In accordance with the invention, an image of an object is projected on to a normalized detector plane by a conebeam xray source to provide a set of conebeam projection, or line integral, data. To convert the conebeam data into a set of planar integral or Radon derivatives for use in constructing a CT image of the object, a plane Q, associated with a given one of the Radon derivatives, is extended to intersect the detector plane along a first line. A point is selected on the first line which lies on a portion of the first line which intersects the image projected onto the detector plane. A second line lying in the detector plane is rotated about the selected point to lie at a small specified first angle with respect to the first line. Conebeam projection data is respectively integrated along the first and second lines to generate first and second weighted line integrals, respectively corresponding to the first and second lines. The difference between the first and second line integrals is divided by a second angle, geometrically related to the first angle, to provide the given Radon derivative.
The procedure set forth above is repeated as required, to compute each of the remaining Radon derivatives in the derivative set. It is to be understood that if any plane Q intersects the detector plane along a first line which does not have any portion intersecting the projected image, the associated Radon derivative will have a zero value.
Preferably, the selected point for a given first line is located at the position of the centroid of the given first line, with respect to the image projected on to the detector plane.
The invention also provides apparatus for generating the 3D CT image of an object, such apparatus including an xray conebeam source and an associated planar detector for providing a set of conebeam projection data, or line integrals, which corresponds to a set of planar integrals in Radon space. The apparatus further includes means for defining a plane associated with each of the planar integrals, and, each of the planes, for extending the plane to intersect the detector plane along a first line, means for selecting a rotation point on any portion of the first line which intersects the image projected onto the plane of the detector, and means for rotating a second line in the detector plane from the first line, by a small specified first angle and about a center of rotation comprising the selected point. The apparatus further includes means for respectively integrating along the first and second lines to generate first and second weighted line integrals, respectively corresponding to the first and second lines, and means for dividing the difference between the first and second weighted line integrals by a second angle geometrically related to the first angle, to provide the Radon derivative of the corresponding planar integral. Means are provided for computing respective planar integral values therefrom, and for performing an inverse Radon transform on respective planar integral values to construct an image of the object.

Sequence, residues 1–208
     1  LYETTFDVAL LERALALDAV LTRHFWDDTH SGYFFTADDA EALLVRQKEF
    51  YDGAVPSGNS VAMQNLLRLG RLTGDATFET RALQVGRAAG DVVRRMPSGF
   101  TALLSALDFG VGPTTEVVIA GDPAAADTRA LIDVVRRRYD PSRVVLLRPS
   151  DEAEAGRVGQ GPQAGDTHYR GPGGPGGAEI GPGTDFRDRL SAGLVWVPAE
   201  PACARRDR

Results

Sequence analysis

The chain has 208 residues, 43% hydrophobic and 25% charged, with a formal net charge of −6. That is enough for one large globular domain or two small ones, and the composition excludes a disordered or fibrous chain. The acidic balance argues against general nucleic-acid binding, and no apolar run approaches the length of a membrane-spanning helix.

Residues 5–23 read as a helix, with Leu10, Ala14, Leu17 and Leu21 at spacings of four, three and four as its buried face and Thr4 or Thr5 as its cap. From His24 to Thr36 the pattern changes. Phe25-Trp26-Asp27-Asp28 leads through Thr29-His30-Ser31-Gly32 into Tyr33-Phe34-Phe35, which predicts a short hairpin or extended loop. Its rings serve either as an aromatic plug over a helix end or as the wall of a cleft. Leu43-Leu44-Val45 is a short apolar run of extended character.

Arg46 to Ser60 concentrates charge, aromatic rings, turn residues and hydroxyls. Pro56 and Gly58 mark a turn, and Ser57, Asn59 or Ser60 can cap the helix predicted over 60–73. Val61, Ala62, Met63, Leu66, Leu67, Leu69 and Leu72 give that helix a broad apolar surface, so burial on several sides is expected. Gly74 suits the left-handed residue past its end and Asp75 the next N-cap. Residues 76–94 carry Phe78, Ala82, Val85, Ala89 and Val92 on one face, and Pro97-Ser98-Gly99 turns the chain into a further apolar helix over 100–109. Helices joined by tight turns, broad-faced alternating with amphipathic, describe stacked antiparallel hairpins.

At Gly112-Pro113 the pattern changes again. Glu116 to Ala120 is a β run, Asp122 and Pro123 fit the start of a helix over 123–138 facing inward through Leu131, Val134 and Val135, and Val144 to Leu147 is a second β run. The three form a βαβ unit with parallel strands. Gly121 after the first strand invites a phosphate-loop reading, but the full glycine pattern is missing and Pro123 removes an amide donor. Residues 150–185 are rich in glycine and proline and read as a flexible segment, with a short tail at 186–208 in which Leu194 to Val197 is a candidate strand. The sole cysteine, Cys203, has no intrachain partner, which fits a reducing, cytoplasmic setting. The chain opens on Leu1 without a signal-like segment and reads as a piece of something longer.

An object of the invention is to improve accuracy in an arrangement for CT conebeam source imaging which requires computation of the derivatives of the planar integrals, comprising a set of Radon data.
Another object is to provide an arrangement of the above type which avoids errors arising from discontinuities in Radon derivative computation, and improves the accuracy of imaging proximate to boundary regions of a projected image.
These and other objects of the invention will become more readily apparent from the ensuing specification, taken together with the accompanying drawings.
FIG. 1 is a schematic drawing illustrating the basic components of a conebeam CT imaging system.
FIGS. 2a, 2b, 3 and 4 are diagrams collectively illustrating a potential source of inaccuracy in prior art CT imaging which is addressed by the invention.
FIG. 5 is a diagram illustrating an embodiment of the invention.
FIG. 6 is a diagram illustrating a modification of the embodiment shown in FIG. 5.